Walt Disney Studios
Director: Rich Moore/Executive Producer: John Lasseter/Producer: Clark Spencer/Screenplay: Phil Johnston & Jennifer Lee/Story: Rich Moore, Phil Johnston, & Jim Reardon/Music: Henry Jackman
After 30 years of wrecking the same building all day, every day–only to have Fix-It Felix, Jr., repair it with his magic hammer and be the hero, Wreck-It Ralph is tired of being the bad guy. In an effort to prove his worth, he sneaks from his own game into the new arcade game, Hero’s Duty, where he manages to grab a hero’s medal–leaving no end of chaos in his wake as he manages to do what he does best: wreck things. Part of that chaos involves rocketing himself in an escape pod right out of Hero’s Duty and into a saccharine sweet racing game, Sugar Rush . . . along with a nasty little hitch-hiking virus insect. While in Sugar Rush, Ralph encounters a rather bratty little girl by the name of Vanellope. Surprisingly, Vanellope can relate to Ralph’s outcast feelings, and the two become friends of an odd sort. But when the candy hits the road, will Ralph be able to put his own interests aside, or will he be willing to sacrifice her dreams in order to be recognized.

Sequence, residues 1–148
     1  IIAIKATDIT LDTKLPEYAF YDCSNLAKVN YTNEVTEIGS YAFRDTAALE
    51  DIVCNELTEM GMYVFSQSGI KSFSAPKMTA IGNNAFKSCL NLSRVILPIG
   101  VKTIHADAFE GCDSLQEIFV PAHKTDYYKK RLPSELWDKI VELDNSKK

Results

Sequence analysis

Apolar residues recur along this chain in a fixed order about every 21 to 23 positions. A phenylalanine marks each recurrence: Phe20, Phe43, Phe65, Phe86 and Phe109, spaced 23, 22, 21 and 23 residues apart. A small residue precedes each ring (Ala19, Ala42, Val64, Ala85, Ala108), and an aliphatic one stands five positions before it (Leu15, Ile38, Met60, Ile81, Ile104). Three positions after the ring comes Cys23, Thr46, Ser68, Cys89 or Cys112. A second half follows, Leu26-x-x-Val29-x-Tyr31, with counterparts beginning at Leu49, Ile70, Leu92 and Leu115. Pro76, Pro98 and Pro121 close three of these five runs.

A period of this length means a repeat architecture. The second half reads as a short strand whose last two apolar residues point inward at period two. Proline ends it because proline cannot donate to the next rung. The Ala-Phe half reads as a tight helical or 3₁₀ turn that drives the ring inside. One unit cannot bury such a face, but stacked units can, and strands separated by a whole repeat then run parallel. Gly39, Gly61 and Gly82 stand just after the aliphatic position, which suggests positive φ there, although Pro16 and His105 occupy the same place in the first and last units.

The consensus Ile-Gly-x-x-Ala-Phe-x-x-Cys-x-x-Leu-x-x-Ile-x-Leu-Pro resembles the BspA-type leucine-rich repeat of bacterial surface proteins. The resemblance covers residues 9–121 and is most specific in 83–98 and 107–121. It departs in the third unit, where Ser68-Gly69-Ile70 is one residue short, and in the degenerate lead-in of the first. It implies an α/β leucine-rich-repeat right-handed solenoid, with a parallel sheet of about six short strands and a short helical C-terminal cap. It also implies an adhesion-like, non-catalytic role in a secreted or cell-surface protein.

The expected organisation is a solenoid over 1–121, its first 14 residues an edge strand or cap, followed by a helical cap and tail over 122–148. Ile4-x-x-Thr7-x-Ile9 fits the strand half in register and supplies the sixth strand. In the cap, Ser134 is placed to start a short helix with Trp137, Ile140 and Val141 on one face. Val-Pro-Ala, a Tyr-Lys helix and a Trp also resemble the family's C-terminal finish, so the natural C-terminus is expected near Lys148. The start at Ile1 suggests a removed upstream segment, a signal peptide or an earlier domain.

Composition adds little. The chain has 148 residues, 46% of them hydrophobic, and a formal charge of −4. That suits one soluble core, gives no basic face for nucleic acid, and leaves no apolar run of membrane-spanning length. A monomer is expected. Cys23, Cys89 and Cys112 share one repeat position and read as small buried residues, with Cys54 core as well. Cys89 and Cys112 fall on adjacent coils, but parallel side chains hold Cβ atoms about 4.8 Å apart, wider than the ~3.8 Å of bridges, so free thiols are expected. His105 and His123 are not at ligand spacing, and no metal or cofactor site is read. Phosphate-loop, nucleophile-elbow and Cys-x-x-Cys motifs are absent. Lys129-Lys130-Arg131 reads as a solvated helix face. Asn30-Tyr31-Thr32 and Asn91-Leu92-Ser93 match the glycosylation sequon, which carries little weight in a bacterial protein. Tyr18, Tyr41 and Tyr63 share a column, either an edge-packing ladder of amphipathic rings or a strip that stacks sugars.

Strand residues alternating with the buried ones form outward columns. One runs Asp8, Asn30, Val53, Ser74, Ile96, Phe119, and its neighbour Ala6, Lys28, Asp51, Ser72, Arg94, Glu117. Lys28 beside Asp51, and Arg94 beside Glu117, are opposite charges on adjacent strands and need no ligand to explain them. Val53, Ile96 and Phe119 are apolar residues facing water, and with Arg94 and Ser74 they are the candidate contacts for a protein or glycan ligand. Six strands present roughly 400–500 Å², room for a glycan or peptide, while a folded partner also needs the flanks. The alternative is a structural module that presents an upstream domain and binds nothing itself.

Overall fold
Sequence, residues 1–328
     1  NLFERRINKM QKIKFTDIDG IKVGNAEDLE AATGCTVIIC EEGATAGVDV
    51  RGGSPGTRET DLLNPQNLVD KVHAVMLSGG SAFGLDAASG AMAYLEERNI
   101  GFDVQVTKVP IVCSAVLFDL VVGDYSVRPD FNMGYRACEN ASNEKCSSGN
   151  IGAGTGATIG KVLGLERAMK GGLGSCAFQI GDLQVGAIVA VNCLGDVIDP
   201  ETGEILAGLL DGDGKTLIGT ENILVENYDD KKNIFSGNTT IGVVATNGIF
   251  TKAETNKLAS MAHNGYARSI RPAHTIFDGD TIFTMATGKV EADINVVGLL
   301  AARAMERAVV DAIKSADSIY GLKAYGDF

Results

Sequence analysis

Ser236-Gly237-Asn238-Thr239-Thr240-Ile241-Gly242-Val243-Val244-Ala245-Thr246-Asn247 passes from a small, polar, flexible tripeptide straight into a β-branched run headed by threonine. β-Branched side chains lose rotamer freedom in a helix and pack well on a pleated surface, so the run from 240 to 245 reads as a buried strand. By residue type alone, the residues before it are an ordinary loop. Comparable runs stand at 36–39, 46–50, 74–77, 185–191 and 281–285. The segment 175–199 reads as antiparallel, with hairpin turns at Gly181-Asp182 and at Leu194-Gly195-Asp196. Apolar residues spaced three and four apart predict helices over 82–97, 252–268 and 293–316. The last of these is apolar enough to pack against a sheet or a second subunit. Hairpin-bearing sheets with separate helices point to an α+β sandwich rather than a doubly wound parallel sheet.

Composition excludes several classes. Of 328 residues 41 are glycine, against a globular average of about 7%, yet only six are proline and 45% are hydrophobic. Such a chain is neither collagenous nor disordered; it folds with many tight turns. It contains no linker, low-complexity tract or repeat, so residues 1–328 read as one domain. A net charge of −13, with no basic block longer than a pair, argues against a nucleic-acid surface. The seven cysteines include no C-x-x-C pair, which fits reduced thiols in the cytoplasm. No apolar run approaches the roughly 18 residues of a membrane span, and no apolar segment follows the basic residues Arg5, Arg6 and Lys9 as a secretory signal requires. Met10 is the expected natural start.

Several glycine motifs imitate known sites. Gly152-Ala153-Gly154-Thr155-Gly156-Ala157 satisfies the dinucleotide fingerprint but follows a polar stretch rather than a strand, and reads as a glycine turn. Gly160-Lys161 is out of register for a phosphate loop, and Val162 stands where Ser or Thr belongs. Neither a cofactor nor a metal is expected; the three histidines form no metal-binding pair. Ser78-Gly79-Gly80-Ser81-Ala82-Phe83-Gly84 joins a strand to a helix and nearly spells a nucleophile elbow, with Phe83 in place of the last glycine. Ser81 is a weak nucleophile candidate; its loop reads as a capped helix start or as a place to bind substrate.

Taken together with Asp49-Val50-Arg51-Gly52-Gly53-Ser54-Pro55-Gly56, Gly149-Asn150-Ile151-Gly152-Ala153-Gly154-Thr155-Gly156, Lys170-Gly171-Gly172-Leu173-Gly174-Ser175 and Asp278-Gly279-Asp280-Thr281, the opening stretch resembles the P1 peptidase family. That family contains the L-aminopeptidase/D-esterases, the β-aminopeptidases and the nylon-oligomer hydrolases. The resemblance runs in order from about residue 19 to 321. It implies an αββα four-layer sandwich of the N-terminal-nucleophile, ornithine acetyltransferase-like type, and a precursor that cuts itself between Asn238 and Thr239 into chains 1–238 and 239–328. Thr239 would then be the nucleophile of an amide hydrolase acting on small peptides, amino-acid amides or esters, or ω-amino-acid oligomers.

I enjoyed Wreck-It Ralph, probably more than most Disney movies I’ve seen recently (Disney usually isn’t my favorite; sorry). It has an almost Pixar flavor, but the feel is just slightly different. In particular, I think the characters have a slightly more . . . maybe gritty. . . feel? I definitely enjoyed the characterizations, and not only of the main characters–there was a lot of personality and individuality in this movie. Another plus for me was that–since this is a video-game movie of sorts–there are a ton of references to games. I probably missed a lot of them, but those I did recognize certainly added to the movie. On the flip side, if you don’t game at all and aren’t familiar with video games, you’re going to miss a lot if you watch this–it’s still a fun movie, but definitely not as fully appreciable. On the complicated side, the plot challenges the traditional oversimplifications of “good” and “bad” as character absolutes, while still providing a clear-cut “bad guy” in the end. I don’t think the story brings in inappropriate moral uncertainties, but it might be a good jumping-off point for a discussion if you’re watching this with younger children. Overall, I’d say that Wreck-It Ralph was a good movie; I definitely enjoyed it, and I think others (particularly gamers) will likely enjoy it as well.
Note: On a musical note, it was fun to hear some of my favorite bands–Owl City and AKB48–playing for the credits!